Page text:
The industry has been working itself into a lather about the idea of personalised newspapers and magazines for so long that it's frankly rather surprising it's taken this long to come up with something that's more than just a series of concept sketches.
Yet while Flipboard is imperfect (and certainly won't supplant more traditional media delivery systems such as RSS, nor be a good idea for everyone) it's fascinating, fun and free.
It hooks into feeds of information and pulls it out – some preset, some added yourself from Twitter names and lists (the 'personal' bit comes from the fact that it'll scrape information from your Facebook and Twitter streams).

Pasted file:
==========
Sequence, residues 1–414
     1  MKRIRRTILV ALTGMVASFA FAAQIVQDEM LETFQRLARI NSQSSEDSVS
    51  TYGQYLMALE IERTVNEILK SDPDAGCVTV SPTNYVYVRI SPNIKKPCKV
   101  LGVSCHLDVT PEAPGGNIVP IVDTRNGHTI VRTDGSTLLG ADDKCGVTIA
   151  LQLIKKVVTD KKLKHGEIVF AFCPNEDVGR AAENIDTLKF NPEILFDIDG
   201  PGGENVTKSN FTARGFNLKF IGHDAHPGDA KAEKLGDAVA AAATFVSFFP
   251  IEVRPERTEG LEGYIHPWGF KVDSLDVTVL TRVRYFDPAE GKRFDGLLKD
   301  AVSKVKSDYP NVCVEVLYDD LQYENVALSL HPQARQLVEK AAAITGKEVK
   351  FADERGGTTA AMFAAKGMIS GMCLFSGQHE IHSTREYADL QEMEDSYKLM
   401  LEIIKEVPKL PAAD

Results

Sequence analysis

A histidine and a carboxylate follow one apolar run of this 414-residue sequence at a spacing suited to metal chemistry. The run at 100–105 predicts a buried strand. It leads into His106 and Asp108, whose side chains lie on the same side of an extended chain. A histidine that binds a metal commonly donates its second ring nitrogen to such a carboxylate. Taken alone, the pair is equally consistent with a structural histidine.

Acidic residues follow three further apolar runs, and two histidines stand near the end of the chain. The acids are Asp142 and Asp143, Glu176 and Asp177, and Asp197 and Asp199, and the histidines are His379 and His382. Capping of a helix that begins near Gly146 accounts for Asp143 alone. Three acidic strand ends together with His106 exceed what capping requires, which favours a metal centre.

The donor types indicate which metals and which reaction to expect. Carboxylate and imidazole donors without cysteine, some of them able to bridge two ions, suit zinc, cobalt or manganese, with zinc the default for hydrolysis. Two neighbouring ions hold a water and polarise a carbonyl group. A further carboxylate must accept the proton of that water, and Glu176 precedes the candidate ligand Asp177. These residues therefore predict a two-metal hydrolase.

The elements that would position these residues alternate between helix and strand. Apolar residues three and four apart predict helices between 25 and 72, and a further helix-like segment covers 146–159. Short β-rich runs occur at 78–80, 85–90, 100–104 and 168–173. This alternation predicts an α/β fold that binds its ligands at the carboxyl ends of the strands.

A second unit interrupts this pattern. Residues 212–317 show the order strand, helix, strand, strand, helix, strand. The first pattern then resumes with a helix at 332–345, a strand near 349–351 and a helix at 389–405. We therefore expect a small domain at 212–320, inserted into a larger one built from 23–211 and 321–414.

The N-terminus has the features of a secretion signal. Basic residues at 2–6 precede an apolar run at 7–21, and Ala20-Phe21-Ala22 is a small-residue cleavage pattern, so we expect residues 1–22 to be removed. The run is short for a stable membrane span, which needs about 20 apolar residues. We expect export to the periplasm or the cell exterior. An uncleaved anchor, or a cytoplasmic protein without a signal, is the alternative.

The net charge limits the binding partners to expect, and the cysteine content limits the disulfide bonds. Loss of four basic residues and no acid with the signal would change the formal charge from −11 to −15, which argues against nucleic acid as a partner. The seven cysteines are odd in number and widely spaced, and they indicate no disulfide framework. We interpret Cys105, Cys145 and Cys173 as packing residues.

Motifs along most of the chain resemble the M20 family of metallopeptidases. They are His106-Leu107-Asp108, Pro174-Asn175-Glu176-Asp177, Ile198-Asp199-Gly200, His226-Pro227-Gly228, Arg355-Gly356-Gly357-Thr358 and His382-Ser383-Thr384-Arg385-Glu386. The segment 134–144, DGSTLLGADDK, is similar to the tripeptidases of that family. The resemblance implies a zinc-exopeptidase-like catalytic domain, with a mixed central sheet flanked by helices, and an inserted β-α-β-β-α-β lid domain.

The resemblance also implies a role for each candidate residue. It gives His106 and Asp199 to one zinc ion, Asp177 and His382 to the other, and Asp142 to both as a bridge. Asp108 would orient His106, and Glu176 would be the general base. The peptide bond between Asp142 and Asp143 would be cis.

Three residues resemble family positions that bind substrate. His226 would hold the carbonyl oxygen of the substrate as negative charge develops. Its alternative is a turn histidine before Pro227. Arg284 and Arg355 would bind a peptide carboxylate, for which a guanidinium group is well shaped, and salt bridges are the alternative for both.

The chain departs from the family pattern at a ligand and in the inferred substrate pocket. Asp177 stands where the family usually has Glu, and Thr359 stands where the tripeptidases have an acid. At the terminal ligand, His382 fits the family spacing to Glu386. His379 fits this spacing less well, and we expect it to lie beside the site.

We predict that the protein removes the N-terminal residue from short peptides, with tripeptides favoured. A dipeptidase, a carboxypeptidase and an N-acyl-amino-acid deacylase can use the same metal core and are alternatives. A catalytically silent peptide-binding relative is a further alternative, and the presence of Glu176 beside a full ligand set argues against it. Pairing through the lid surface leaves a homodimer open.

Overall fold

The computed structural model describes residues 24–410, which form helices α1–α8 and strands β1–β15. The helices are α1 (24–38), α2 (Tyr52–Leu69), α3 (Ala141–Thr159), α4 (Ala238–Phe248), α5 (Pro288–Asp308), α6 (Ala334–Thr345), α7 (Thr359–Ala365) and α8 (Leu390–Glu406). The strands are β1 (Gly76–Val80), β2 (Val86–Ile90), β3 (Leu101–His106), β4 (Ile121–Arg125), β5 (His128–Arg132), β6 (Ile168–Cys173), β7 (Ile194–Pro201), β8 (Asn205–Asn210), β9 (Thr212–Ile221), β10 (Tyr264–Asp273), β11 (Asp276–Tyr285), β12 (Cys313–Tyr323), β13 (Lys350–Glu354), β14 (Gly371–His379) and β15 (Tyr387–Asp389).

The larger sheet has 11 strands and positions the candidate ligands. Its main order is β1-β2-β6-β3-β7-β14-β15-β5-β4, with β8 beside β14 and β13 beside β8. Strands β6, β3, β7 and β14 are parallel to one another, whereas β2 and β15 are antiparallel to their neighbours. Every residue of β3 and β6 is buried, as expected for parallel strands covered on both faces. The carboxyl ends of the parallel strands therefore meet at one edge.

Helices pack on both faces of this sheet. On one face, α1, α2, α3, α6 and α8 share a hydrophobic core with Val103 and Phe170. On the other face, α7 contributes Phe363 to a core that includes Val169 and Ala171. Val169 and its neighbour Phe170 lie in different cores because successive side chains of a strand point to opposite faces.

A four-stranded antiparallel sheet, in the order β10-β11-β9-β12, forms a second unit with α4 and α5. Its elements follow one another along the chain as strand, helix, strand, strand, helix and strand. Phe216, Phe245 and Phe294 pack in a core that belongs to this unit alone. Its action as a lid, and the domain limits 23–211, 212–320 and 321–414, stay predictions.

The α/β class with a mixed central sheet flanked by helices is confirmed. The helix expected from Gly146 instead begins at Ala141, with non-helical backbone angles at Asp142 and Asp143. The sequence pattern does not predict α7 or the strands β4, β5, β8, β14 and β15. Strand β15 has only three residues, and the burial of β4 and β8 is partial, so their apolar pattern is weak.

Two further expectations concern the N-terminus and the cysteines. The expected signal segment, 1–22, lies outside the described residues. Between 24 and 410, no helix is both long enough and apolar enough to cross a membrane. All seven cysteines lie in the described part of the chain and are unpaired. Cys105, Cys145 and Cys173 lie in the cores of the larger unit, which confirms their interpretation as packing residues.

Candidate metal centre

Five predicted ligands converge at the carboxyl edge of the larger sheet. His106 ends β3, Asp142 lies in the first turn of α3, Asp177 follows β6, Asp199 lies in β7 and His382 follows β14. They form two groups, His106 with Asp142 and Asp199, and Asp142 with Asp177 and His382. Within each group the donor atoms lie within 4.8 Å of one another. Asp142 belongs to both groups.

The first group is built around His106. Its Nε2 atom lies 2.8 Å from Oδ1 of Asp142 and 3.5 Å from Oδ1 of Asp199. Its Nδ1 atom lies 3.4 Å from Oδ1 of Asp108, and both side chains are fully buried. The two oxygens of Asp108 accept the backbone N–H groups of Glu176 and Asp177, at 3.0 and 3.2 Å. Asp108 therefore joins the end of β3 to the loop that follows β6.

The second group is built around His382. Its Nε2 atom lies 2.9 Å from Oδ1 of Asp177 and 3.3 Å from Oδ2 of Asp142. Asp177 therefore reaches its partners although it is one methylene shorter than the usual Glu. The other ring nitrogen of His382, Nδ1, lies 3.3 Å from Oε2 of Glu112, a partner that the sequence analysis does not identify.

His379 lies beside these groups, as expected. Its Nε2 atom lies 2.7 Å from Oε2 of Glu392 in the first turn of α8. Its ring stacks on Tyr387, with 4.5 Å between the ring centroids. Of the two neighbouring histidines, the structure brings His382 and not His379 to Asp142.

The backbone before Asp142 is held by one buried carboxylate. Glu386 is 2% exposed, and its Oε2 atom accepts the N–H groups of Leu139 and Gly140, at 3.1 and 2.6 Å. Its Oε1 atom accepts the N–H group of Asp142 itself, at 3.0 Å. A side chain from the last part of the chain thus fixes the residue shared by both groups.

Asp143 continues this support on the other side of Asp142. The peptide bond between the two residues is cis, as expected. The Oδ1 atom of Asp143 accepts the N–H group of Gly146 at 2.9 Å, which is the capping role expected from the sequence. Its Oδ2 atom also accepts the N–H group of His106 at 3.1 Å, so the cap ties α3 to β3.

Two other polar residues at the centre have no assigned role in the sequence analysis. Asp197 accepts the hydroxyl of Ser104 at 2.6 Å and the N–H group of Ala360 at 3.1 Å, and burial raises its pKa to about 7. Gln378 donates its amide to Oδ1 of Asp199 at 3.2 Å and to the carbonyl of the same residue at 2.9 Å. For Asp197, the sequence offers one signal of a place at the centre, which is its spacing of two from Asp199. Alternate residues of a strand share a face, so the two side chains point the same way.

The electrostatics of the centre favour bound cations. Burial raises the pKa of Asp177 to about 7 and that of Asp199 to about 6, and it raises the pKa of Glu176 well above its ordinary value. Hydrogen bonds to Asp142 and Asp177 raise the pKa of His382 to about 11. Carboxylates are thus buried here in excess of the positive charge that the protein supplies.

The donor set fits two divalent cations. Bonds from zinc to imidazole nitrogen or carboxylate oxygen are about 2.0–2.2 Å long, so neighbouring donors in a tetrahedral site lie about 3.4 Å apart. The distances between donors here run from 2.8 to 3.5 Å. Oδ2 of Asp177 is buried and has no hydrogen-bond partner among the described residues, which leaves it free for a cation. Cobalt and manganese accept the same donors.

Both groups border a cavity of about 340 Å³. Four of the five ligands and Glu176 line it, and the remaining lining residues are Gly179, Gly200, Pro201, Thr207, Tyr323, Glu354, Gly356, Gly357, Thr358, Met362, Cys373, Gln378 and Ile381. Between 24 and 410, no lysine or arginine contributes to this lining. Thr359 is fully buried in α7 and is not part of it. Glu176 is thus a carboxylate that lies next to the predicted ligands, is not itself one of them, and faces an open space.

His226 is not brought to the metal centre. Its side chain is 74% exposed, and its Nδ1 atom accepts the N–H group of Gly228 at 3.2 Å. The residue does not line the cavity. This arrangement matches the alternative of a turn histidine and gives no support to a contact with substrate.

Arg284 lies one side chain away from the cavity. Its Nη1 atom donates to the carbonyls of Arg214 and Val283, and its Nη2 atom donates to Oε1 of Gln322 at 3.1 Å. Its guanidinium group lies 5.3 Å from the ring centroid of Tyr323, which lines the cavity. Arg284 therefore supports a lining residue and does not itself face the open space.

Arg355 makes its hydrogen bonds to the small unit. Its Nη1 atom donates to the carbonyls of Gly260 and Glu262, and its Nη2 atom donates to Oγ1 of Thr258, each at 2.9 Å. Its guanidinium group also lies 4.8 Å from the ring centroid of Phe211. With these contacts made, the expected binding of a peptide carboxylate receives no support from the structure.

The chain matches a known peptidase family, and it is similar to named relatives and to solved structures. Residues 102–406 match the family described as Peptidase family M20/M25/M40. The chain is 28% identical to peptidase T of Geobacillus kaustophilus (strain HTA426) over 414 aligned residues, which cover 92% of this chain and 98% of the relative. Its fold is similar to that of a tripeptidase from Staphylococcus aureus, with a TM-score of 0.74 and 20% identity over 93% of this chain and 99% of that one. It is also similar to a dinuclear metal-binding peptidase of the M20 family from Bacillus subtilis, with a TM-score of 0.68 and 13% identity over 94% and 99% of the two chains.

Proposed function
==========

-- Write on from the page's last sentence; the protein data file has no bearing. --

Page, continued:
If a friend tweets a link to an article, for example, it will present the article headline itself, with a small subhead telling you who shared it; tap the headline and you can see the context of the link in the original tweet or Facebook message, and read the first part of the article.
You need to tap into the source site in an embedded browser to read the full thing though. It's a similar thing with pictures on Facebook and popular hosting services on Twitter; Flipboard follows the link, scrapes the picture, and presents it.
You can 'like' an article you see, send it on or see activity around it; replies to Facebook postings show alongside, though this comments box only seems to show a welter of old-style retweets for Twitter stories, rather than replies.
Flipboard shows a lot of promise, but it's just not quite there yet.
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